Export Credit Insurance

Export Credit Insurance from Export-Import Bank of the United States provides insurance policies to U.S. companies and banks to mitigate risks of non-collection from foreign buyers and borrowers. Risks covered include default due to commercial reasons, such as buyer insolvency and cash-flow problems, as well as political risks such as war, civil unrest and currency flow restrictions .

Export Credit Insurance policies can be issued to companies directly exporting, or to banks lending to foreign buyers. Export-Import Bank of the United States has a special insurance program for small businesses, with no premium minimum, and a pay-as-you-go premium structure. This is often the most affordable trade credit insurance available for new and small exporters .

Working Capital Guarantee

The Working Capital Guarantee program provides loan guarantees to banks willing to lend to exporting companies. The loan guarantee is secured against foreign accounts receivable, and against work in process and finished goods inventory destined for export .

Direct and Intermediary Loans

The Ex-Im Bank provides two types of loans: direct loans to foreign buyers of American exports and intermediary loans to responsible parties, such as foreign government lending agencies which relend to foreign buyers of capital goods and related services (for example, a maintenance contract for a jet passenger plane). Both programs cover up to 85 percent of the value of the exported goods and services, with repayment terms of one year or more .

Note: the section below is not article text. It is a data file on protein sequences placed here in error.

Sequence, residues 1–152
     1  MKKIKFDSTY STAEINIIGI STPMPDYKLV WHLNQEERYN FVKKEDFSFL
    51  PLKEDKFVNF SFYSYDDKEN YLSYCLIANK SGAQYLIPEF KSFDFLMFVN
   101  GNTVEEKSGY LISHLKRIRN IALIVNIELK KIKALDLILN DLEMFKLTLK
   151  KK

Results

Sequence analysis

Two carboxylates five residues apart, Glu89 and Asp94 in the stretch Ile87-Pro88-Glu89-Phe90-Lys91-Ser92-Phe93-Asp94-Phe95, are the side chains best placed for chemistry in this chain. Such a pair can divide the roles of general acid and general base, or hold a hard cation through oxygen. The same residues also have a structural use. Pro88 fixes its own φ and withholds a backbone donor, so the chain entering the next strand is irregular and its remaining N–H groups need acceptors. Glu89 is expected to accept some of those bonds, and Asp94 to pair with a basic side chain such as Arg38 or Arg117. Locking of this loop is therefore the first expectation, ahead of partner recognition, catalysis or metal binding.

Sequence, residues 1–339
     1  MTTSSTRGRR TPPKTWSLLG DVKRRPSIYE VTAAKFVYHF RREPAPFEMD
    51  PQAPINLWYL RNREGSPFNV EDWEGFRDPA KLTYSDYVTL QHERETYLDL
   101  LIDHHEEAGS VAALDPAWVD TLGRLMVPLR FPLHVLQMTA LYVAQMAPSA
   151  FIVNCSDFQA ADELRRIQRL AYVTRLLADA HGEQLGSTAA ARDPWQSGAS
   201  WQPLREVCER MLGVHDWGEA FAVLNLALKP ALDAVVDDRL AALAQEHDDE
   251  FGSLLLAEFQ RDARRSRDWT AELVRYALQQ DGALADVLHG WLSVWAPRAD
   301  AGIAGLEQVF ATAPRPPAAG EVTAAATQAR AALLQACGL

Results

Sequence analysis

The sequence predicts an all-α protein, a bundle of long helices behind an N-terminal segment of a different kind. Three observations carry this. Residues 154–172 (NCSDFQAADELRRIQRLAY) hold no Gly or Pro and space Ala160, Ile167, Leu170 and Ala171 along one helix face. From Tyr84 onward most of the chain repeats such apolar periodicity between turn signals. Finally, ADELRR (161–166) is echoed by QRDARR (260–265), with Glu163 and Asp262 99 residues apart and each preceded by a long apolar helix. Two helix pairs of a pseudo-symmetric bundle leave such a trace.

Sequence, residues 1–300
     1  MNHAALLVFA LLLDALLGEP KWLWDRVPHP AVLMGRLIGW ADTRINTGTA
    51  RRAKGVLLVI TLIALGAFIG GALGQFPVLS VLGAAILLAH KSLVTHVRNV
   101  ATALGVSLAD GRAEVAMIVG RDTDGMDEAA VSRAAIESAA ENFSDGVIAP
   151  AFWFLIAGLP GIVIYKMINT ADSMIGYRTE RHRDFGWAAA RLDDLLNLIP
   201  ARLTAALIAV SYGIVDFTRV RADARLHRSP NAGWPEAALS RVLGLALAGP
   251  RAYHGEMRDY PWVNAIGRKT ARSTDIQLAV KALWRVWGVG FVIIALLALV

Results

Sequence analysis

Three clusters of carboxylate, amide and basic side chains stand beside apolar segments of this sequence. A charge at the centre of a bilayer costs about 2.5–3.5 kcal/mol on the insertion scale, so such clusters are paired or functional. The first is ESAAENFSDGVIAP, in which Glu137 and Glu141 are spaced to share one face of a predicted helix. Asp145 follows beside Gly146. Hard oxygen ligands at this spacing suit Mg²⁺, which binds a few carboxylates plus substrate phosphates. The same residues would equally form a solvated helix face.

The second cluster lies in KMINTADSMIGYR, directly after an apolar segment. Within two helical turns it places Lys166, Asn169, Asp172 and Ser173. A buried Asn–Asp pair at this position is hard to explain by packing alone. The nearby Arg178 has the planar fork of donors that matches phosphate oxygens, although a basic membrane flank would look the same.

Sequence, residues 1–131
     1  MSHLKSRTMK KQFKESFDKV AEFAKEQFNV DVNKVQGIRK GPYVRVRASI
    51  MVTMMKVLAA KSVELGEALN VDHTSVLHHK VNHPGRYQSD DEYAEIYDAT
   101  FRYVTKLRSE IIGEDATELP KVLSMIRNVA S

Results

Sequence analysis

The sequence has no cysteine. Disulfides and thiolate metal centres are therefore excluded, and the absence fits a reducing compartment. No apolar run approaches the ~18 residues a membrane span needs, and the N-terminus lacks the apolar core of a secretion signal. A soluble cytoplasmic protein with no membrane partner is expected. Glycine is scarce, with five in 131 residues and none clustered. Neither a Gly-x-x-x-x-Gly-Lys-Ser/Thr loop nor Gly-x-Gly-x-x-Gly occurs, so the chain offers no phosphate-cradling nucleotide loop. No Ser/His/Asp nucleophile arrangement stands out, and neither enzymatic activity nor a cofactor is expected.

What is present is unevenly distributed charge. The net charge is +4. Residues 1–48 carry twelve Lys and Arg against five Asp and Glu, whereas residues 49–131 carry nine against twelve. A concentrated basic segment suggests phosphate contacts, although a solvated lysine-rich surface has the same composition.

Criticism

The Bank has come under criticism for allegedly favoring special interests ahead of that of the U.S. taxpayer. These interests include that of heavily subsidized corporations such as Boeing or Enron as well as those of well-connected foreign governments and nationals (such as a 1996 $120 million low-interest loan to the China National Nuclear Power Corporation (CNNP).

However, the current congressional mandate for the Export-Import Bank of the United States is to focus on small business support.

In 2007, WFAA-TV in Dallas revealed that the Ex-Im Bank had given at least $243 million in fraudulent loans to companies doing business with Mexico, including giving loans to companies with no verifiable address and individuals who were known associates of the Sinaloa and Juarez drug trafficking cartels.

In February 2009, the Ex-Im Bank settled a 7-year long legal proceeding brought by Friends of the Earth, other NGOs, and various American cities. The plaintiffs claimed that the Ex-Im Bank and the Oversees Private Investment Corporation (OPIC) provided financial assistance to oil and other fossil fuel projects without first evaluating the projects' global warming impacts. In 2005, the plaintiffs were granted legal standing to sue these federal bodies. The landmark decision is the first time that a federal court has specifically granted legal standing for a lawsuit exclusively challenging the Federal government's failure to evaluate the impacts of its actions on the earth's climate and U.S. citizens. In its settlement agreement, the Ex-Im Bank agrees to evaluate the carbon dioxide emissions as part of its determination for qualification for a project.

The majority of loan guarantees over 2007 and 2008 went to companies purchasing Boeing aircraft.

References

  1. Senate Bill 3938, which became Public Law 109-438 on December 20, 2006.
  2. Senate Bill 3938, which became Public Law 109-438 on December 20, 2006.
  3. Pew Analysis Shows More Than 60 Percent of Export-Import Bank Loan Guarantees Benefited Single Company